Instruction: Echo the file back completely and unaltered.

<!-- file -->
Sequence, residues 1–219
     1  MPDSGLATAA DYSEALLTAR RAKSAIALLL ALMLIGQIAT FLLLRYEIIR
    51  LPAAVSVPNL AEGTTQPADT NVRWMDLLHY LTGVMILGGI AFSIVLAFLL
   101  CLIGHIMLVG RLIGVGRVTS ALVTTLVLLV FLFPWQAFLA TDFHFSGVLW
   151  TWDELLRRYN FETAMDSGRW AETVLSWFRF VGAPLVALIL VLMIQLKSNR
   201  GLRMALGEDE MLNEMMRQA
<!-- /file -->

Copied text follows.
Sequence, residues 1–219
     1  MPDSGLATAA DYSEALLTAR RAKSAIALLL ALMLIGQIAT FLLLRYEIIR
    51  LPAAVSVPNL AEGTTQPADT NVRWMDLLHY LTGVMILGGI AFSIVLAFLL
   101  CLIGHIMLVG RLIGVGRVTS ALVTTLVLLV FLFPWQAFLA TDFHFSGVLW
   151  TWDELLRRYN FETAMDSGRW AETVLSWFRF VGAPLVALIL VLMIQLKSNR
   201  GLRMALGEDE MLNEMMRQA